Fifty years ago this past Monday, 11 Israeli athletes and coaches were murdered at the 1972 Summer Olympic Games in Munich. In the early morning of September. 5, 1972, eight members of the Palestinian terrorist group Black September broke into the Olympic village and killed two members of the Israeli delegation. They took nine others hostage, attempting to bargain for the release of 200 Palestinian prisoners. After a standoff with the German police, the terrorists were able to arrange transportation for themselves and the hostages to a nearby airport. When the German police failed at their ambush attempt, the terrorists killed the Israeli hostages. The police then killed five of the eight Palestinian terrorists; one German police officer was killed. This was known as the “Munich Massacre.”
The world watched in horror (many of you will recall Jim McKay reporting as this was unfolding) as the games were used as a vehicle for the expression of hatred, rather than as an event that brings the world together.
To learn more about how the events unfolded in the eyes of the athletes, please click here. And here is the article reported in the Jewish Telegraphic Agency when it happened in 1972.
The new Israeli Consul General in San Francisco, Ambassador Marco Sermoneta, wrote the following: "Although nothing can make up for the tragic loss of 11 innocent souls, today, 50 years later, we can take solace in knowing that their families are finally receiving some measure of justice by signing an agreement with the German government. We, and they, can find some comfort in the fact that last year, during the 2020 Tokyo Olympic opening ceremony, they at last received a long deserved official recognition with a moment of silence, and hope that this becomes an established practice in the future, because the world must never allow the Munich massacre to fade from memory."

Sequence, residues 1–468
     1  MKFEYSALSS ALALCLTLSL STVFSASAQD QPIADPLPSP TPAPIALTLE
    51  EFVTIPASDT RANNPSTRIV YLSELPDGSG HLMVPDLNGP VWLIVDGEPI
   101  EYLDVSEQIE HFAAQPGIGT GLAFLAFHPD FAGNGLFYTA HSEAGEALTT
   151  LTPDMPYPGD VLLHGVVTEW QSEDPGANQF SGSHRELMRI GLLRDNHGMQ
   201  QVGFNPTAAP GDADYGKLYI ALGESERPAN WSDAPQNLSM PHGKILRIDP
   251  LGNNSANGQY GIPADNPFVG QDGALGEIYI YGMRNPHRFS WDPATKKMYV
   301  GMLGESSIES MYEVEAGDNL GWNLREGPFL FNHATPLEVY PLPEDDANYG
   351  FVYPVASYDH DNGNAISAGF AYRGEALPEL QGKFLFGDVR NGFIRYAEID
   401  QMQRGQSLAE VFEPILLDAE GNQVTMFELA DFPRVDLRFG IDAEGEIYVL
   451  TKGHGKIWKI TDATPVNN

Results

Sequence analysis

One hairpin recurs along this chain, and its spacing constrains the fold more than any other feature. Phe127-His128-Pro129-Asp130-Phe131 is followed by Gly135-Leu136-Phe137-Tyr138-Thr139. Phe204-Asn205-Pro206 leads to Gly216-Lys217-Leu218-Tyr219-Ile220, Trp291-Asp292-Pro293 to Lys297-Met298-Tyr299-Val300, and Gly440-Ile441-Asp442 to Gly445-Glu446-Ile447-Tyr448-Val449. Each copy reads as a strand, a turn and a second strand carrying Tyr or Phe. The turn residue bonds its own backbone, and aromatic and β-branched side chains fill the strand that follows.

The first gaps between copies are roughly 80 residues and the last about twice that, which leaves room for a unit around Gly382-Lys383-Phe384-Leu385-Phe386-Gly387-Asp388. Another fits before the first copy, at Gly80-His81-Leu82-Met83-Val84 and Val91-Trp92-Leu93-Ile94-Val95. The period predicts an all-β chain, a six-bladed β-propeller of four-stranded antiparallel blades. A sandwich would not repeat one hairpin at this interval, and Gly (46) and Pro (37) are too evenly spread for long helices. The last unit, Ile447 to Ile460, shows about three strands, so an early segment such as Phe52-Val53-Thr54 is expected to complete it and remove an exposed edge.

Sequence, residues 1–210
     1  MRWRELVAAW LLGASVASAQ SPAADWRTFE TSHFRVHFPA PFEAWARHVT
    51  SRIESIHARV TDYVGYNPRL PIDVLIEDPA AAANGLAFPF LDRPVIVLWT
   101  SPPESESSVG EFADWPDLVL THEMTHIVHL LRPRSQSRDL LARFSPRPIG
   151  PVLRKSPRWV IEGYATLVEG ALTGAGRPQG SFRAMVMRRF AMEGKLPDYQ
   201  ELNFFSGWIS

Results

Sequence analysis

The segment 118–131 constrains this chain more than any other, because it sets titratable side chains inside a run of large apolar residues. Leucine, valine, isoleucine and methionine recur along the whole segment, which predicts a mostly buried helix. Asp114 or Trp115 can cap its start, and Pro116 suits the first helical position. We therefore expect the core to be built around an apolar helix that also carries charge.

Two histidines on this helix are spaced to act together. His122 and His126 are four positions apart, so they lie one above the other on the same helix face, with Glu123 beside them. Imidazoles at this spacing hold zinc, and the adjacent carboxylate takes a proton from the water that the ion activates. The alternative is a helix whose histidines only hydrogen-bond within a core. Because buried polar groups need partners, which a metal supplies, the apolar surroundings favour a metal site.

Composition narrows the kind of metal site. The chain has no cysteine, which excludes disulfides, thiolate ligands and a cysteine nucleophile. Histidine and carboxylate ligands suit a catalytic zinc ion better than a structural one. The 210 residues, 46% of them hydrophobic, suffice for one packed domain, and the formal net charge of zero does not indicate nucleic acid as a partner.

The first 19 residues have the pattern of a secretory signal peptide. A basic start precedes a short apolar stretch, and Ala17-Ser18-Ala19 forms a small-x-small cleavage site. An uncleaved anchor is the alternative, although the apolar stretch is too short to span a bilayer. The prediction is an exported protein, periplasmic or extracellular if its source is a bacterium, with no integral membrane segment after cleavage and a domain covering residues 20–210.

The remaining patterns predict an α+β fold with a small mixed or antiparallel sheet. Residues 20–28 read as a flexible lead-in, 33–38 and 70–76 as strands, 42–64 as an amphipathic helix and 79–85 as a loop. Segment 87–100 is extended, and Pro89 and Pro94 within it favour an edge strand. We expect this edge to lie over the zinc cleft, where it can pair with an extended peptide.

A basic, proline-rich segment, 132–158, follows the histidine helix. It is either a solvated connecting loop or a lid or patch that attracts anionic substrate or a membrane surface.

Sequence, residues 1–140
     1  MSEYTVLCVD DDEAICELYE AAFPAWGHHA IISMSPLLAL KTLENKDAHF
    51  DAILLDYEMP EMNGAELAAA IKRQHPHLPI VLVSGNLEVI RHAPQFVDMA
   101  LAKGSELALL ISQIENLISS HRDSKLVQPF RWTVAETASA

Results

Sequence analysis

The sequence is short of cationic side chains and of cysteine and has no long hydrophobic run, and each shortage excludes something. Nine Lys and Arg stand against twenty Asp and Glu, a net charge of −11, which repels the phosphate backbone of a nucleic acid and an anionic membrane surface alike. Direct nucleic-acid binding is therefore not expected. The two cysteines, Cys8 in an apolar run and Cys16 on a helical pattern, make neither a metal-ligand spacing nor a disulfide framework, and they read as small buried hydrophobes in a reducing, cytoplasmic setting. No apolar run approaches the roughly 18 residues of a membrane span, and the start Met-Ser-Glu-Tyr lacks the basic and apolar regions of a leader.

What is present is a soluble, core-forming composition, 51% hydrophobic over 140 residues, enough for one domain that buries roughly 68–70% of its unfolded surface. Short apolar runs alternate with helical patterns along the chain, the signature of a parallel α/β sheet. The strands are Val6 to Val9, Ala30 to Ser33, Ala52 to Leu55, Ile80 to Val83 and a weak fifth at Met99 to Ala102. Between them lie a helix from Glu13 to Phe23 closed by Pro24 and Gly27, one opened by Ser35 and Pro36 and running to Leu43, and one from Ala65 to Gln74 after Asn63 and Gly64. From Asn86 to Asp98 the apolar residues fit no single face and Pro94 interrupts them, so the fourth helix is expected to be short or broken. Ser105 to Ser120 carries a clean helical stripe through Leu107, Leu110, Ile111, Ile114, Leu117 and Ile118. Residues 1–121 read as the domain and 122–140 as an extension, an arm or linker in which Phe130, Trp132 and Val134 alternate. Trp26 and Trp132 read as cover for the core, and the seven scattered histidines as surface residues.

May the memory of those murdered at the 1972 Olympic Games remain a blessing.
In May, nonprofit organizations including synagogues, Jewish day schools, Chabad centers, the Mittleman Jewish Community Center, and other Jewish agencies submitted applications for the highly competitive annual FEMA Nonprofit Security Grant. These grants are invaluable to our community, especially with the current rise of antisemitism across the United States. Sadly, these grants are part of the Department of Homeland Security’s initiative to provide funding for target hardening and other security enhancements, like active threat response and situational awareness training, to facilities at considerable risk of terrorist attacks.
The Department of Homeland Security and FEMA released the awards, and we are thrilled to announce that 5 Jewish organizations in the State of Oregon were successful, receiving $813,423.
None of this could be achieved without the arduous work and dedication of the professional and volunteer leaders from these nonprofit organizations, who put in the hours to help ensure the safety of their communities. The process also requires time and effort from a number of parties aside from the applicant organizations, including our Director of Community Security, Jessica Anderson, who provides guidance and risk assessments to identify areas that need to be target hardened and works closely with facilities to assist in writing, reviewing, and submitting proposals.
Unfortunately, too few Jewish organizations who applied received funding.
Nationally, 52% of the 3,470 applications submitted for Nonprofit Security Grant Program funding in 2022 were approved, a slight improvement over last year. The applications totaled slightly over $447 million in funding requests, well outstripping the $250 million available for the program (In 2021, $180 million was available for 3,361 applications).
As I have shared, Congressional leaders and Jewish community groups are pursuing $360 million in funding for the program in 2023 — which has been the Jewish community’s funding target for multiple years. But the $360 million target would likely still leave many applications unfunded — even if application volume does not rise significantly. Lawmakers and advocates for the program emphasized that this year’s data highlights the need for the 2022 funding increase and the importance of efforts to increase funding to $360 million for 2023 (and perhaps more in future years).
I only wish we did not have to think about security needs.
Please join me for one of the two following virtual sessions to hear an update on the Jewish Federation and our Jewish community. This is also an opportunity for me to hear your thoughts/feedback about our community and to answer any questions you may have.